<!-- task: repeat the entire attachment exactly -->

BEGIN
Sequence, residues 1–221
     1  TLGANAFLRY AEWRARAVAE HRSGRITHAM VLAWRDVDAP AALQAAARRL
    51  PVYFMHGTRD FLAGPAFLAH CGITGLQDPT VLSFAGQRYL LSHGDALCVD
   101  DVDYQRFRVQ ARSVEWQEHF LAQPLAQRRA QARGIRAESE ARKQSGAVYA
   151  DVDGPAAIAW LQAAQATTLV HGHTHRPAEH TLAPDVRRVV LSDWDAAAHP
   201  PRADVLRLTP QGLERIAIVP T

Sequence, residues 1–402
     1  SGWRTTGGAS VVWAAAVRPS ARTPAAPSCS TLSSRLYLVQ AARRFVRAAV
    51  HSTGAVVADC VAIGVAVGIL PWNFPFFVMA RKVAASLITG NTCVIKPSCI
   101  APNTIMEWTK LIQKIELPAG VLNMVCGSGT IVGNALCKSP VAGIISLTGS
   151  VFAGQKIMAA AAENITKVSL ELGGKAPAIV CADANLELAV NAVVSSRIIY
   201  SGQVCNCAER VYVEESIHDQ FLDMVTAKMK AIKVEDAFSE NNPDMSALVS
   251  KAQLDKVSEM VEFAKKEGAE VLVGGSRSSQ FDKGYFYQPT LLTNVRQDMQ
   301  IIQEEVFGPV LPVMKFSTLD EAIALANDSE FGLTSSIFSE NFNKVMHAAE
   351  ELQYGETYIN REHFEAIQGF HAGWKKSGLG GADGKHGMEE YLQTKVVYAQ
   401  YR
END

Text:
Sequence, residues 1–221
     1  TLGANAFLRY AEWRARAVAE HRSGRITHAM VLAWRDVDAP AALQAAARRL
    51  PVYFMHGTRD FLAGPAFLAH CGITGLQDPT VLSFAGQRYL LSHGDALCVD
   101  DVDYQRFRVQ ARSVEWQEHF LAQPLAQRRA QARGIRAESE ARKQSGAVYA
   151  DVDGPAAIAW LQAAQATTLV HGHTHRPAEH TLAPDVRRVV LSDWDAAAHP
   201  PRADVLRLTP QGLERIAIVP T

Sequence, residues 1–402
     1  SGWRTTGGAS VVWAAAVRPS ARTPAAPSCS TLSSRLYLVQ AARRFVRAAV
    51  HSTGAVVADC VAIGVAVGIL PWNFPFFVMA RKVAASLITG NTCVIKPSCI
   101  APNTIMEWTK LIQKIELPAG VLNMVCGSGT IVGNALCKSP VAGIISLTGS
   151  VFAGQKIMAA AAENITKVSL ELGGKAPAIV CADANLELAV NAVVSSRIIY
   201  SGQVCNCAER VYVEESIHDQ FLDMVTAKMK AIKVEDAFSE NNPDMSALVS
   251  KAQLDKVSEM VEFAKKEGAE VLVGGSRSSQ FDKGYFYQPT LLTNVRQDMQ
   301  IIQEEVFGPV LPVMKFSTLD EAIALANDSE FGLTSSIFSE NFNKVMHAAE
   351  ELQYGETYIN REHFEAIQGF HAGWKKSGLG GADGKHGMEE YLQTKVVYAQ
   401  YR